Percutaneous biopsy

Percutaneous biopsy is not advisable in potentially resectable cases and should not be performed.

What are the current treatment options?

Managing pancreatic cancer often requires the combined opinion of a multidisciplinary team which would include a pancreatic surgeon, medical oncologist and gastroenterologist.

The main goal is to eliminate the cancer if possible. When this is not an option, the focus is to prevent cancer growth. In advanced cases where treatment is unlikely to offer a survival benefit, the main goal should be to ensure the best possible quality of life for the patient.


Only 25% of pancreatic tumours are deemed resectable (possible to be removed surgically) at diagnosis. The main goal of surgery should be to surgically remove the entire tumour as well as a margin of tissues surrounding it. If the surgeon deems this possible, upfront surgery remains the standard of care.

Whipple procedure (pancreaticoduodenectomy)

Pancreatic cancer whipple procedure

For tumours in the pancreatic head, an operation called the Whipple procedure (pancreaticoduodenectomy) is the procedure of choice. This involves removal of the head of the pancreas, the duodenum, gall bladder and part of the bile duct.

Distal or subtotal pancretectomy

Pancreatic cancer distal subtital pancretectomy

For tumours in the body and tail, a distal or subtotal pancretectomy is required. Both these surgeries should be carried out by surgeons who are experienced in pancreatic cancer surgery. This results in lower risk of disease/death from these challenging operations as well as better long term survival.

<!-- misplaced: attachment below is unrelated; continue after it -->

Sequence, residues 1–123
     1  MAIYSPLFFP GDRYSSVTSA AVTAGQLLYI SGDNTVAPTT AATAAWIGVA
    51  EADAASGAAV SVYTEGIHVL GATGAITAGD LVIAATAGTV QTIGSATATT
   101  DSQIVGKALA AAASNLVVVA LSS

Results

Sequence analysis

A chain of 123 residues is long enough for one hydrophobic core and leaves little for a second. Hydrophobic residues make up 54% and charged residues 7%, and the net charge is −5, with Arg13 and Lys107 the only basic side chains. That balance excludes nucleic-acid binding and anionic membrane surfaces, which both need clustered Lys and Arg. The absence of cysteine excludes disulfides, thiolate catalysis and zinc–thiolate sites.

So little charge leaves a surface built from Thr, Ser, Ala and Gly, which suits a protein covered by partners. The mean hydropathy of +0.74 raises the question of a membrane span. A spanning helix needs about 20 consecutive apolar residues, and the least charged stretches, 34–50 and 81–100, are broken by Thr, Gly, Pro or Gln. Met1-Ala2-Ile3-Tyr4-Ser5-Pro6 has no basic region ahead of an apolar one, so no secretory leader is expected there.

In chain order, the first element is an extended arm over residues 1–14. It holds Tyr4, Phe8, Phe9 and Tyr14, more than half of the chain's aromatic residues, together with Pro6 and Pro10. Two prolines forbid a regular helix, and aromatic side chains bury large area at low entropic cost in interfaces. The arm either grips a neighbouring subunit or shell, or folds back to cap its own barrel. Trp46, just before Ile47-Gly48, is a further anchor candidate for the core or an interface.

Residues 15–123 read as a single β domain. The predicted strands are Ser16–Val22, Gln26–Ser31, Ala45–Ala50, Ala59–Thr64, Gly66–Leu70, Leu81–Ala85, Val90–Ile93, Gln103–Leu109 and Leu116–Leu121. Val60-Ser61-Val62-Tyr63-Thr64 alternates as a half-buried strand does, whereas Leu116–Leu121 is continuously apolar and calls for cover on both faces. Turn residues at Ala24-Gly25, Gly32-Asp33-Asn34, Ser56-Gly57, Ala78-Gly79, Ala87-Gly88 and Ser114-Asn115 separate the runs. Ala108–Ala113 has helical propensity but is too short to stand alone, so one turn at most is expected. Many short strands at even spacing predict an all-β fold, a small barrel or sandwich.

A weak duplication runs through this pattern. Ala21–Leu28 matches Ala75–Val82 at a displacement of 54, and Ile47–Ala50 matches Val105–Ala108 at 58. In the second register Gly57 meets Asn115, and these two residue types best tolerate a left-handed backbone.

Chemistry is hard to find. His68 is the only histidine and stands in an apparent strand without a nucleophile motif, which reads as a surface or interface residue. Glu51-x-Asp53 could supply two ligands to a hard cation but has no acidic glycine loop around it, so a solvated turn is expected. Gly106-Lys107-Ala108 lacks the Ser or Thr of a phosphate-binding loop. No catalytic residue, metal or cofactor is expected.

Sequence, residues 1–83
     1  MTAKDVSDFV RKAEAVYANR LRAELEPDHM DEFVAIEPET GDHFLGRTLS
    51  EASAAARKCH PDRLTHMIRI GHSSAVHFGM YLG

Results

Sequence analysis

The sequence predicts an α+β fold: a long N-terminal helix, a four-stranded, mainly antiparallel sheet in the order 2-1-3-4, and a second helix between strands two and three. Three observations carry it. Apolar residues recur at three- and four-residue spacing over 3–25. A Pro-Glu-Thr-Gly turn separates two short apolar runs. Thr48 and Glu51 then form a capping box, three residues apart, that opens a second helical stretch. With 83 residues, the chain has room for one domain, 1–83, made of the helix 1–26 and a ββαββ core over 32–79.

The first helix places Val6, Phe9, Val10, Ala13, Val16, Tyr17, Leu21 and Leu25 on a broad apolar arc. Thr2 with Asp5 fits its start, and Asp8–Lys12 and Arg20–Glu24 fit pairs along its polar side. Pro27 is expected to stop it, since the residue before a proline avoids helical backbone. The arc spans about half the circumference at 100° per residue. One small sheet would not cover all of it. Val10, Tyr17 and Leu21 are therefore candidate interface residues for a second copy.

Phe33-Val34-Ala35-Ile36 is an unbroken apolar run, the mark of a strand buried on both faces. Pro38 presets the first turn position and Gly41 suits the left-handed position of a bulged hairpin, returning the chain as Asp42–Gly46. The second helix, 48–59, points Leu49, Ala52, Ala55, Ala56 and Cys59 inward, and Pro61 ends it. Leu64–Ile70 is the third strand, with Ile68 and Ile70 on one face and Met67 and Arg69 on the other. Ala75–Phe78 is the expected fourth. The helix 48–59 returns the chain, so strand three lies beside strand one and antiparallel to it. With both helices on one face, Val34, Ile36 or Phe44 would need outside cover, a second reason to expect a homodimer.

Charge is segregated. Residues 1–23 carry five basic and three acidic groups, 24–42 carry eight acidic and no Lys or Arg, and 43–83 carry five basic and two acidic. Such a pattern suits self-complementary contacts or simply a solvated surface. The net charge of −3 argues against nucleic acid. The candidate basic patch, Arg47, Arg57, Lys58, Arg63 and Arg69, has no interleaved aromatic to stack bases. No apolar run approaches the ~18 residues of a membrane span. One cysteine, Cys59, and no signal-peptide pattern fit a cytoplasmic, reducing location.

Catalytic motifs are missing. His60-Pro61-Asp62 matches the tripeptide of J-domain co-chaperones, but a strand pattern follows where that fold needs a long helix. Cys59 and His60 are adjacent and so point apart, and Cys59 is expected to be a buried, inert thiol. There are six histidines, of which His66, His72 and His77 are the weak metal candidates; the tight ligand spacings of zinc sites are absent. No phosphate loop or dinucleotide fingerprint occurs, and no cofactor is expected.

Both these surgeries can now be performed by minimally invasive techniques which can result in lower risk without having a negative impact on cancer outcome. This option is not widely available at present but will likely become standard of care in the near future.

Chemotherapy and radiation therapy

There are 3 main roles for chemotherapy and radiation in pancreatic cancer treatment.

Firstly, this can be used in patients with borderline resectable tumours to shrink the tumour and select good patient responders for surgery. Close communication between surgeon and oncologist is essential to plan and manage such patients.

Secondly, it also plays a major role in an adjuvant (support after the initial treatment) setting after successful surgery.

The largest group of patients with pancreatic cancer have locally advanced disease where surgery is not possible.

Here, there is also a role for chemotherapy to prolong survival by controlling the spread and growth of the primary tumour. There are multiple chemotherapy regimens which have been proposed as well as clinical trials. Patients should discuss with their oncologist on the regimen that best suits them.